Linked by Kevin Adams on Fri 9th May 2003 23:04 UTC
Linux "Lately, there has been lots of discussion on the current state of Linux as a desktop system, and articles pop up here and there, occasionally with very good ideas. However, none have surprised me more than this one. It was all very hyphothetical, but had pretty radical ideas on how the author thought the Linux directory tree should be reorganized." Read more about GoboLinux, a Linux distro that uses a new style directory tree at
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here's your answer
by Adam Scheinberg on Sat 10th May 2003 15:39 UTC

Technical Merit?

Tell me where KDE is installed on my machine? Come on, that's all the info you get -- can ya do it?

The answer is no. Is it /opt? Nope...guess again.

Better example, guess where is installed on my Windows machine? If you guess C:Program FilesOpenOffice.org1.1Beta (some something like that, you're right.

What's the benefit of a better hierarchy? Obvious paths to files. And then developers will be encouraged to put files in a consistent place. And then maintaining Linux will be much easier.

I know I may sound inflexible on this issue, but look back and you'll see I'm rarely so - My honest belief is that is IT broke. I want to put Linux in the hands of more people, and I beleive I understand part of the shortcomings. Those unwilling to change don't seem to understand that this IS an issue, whether users should be in the file system or not.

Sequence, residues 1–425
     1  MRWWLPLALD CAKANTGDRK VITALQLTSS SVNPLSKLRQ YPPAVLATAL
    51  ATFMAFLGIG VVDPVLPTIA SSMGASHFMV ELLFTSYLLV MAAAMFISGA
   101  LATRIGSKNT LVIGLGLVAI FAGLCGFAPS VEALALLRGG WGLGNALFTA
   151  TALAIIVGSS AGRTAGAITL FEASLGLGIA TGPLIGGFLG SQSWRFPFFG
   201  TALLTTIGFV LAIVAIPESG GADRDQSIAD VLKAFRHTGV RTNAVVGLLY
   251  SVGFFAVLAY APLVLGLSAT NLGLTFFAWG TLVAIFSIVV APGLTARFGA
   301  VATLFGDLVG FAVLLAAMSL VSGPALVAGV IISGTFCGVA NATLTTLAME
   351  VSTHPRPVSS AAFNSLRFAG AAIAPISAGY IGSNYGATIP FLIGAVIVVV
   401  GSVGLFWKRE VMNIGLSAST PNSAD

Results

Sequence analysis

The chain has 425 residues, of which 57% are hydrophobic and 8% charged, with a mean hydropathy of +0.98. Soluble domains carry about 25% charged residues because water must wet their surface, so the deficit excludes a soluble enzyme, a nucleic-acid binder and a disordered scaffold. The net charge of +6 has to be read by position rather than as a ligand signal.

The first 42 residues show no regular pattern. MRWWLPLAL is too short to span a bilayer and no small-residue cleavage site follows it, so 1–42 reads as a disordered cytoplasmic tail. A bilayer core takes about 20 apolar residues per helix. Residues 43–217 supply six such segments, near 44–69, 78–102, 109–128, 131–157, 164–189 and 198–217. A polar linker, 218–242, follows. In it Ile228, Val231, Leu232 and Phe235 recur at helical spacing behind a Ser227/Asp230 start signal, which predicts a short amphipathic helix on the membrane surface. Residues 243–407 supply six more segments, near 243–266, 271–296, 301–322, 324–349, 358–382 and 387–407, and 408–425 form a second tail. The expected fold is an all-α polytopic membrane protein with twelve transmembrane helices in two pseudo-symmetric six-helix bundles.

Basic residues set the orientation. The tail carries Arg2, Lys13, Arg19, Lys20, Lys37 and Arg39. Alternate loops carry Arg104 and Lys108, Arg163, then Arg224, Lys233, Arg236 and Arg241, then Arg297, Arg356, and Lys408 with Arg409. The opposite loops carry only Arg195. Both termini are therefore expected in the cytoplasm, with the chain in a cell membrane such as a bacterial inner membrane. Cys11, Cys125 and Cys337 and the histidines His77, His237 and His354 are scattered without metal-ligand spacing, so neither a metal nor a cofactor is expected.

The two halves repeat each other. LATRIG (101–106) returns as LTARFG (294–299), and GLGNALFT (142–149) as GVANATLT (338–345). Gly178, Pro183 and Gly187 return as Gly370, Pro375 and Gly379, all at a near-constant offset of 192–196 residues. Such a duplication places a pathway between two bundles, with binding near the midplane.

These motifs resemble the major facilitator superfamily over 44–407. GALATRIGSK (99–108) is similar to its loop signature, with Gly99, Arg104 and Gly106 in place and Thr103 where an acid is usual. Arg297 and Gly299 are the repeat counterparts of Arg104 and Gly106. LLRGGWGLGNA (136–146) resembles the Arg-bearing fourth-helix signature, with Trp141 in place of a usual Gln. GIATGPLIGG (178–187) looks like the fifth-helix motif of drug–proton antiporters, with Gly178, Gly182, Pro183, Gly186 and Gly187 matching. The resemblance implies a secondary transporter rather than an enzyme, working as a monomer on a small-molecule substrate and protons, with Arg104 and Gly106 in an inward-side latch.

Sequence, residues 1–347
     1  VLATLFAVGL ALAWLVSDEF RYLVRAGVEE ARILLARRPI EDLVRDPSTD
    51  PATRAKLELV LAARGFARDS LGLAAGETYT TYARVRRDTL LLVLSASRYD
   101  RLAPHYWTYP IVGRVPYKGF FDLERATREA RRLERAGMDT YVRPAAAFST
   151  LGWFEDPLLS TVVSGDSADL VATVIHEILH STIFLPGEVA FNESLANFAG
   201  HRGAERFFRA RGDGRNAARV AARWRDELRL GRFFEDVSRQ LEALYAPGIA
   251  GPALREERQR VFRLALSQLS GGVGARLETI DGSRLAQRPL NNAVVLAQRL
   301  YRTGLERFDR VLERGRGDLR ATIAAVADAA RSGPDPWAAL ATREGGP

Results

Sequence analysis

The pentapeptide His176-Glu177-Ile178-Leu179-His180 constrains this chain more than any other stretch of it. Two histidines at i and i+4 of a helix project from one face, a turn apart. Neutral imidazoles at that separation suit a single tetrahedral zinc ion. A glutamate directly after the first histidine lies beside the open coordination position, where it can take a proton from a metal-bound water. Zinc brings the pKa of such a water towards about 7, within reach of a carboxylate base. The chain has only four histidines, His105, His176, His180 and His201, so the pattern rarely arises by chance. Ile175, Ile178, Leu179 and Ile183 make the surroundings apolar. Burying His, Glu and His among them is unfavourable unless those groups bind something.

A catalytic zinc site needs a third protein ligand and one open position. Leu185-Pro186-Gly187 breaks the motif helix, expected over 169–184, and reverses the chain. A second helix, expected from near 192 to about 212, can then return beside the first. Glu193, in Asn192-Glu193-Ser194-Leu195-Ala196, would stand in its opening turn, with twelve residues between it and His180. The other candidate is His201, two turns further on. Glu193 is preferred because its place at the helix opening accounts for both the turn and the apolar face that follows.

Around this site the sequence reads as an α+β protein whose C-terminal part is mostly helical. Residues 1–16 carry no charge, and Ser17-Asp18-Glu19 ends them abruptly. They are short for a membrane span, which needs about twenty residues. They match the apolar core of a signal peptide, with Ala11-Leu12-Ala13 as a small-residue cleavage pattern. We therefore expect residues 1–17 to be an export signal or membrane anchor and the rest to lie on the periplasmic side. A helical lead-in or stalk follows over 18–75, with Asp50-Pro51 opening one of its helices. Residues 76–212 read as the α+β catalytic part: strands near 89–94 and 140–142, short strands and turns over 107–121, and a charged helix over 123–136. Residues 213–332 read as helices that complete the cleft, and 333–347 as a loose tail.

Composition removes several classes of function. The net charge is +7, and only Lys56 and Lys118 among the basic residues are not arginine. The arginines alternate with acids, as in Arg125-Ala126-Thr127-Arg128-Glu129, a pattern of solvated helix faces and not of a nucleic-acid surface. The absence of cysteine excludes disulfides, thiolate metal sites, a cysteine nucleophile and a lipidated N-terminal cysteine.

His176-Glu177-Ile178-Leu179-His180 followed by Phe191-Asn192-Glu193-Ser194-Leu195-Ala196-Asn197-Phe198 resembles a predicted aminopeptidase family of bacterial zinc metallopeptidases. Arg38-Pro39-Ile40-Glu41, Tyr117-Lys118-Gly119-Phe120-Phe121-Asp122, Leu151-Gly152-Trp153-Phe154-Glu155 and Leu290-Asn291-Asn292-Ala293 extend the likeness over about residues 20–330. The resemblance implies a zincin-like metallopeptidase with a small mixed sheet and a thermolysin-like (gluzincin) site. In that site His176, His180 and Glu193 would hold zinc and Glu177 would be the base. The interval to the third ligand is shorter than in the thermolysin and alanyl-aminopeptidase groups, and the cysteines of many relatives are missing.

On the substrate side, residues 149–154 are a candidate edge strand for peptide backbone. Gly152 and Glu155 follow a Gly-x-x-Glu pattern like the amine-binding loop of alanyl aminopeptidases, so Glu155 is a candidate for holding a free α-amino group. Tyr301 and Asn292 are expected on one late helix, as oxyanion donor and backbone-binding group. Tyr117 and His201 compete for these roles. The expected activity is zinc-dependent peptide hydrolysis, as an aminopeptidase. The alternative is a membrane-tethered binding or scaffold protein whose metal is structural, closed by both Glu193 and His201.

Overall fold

There isn't anywhere left to go here - ths is now a chicken and egg scenario. I see now that a distribution that does things that well is doomed to be hated by those who understand what currently is, and that's very sad. This is very chicken and egg, in that many of us agree that work machines with Linux will introduce change, but not how it will take shape.

I'm sorry if I've offended anyone, but at the same time, I'm not apologetic about my opinion. The "average" user likely isn't your mom or grandma, it's a person who uses a computer much of the day at work and then at home for e-mail and web. The success of OS X should teach everyone something, but unfortunately, I'm beginning to feel as though Linux will not be the next big thing, because it will always be exclusive while its users feel more special than everyone else.

If you disagree with me, that's fine. But look at the implementations of Linux today and compare them to OS X and Windows. We're so far from ready in comparison that it makes me sad. And the good ideas I'd like to see emulated are always challenged with "Why do you want to dumb down Linux?" and "We don't want to make it like Windows!" That's fine. But you catch more flys with honey.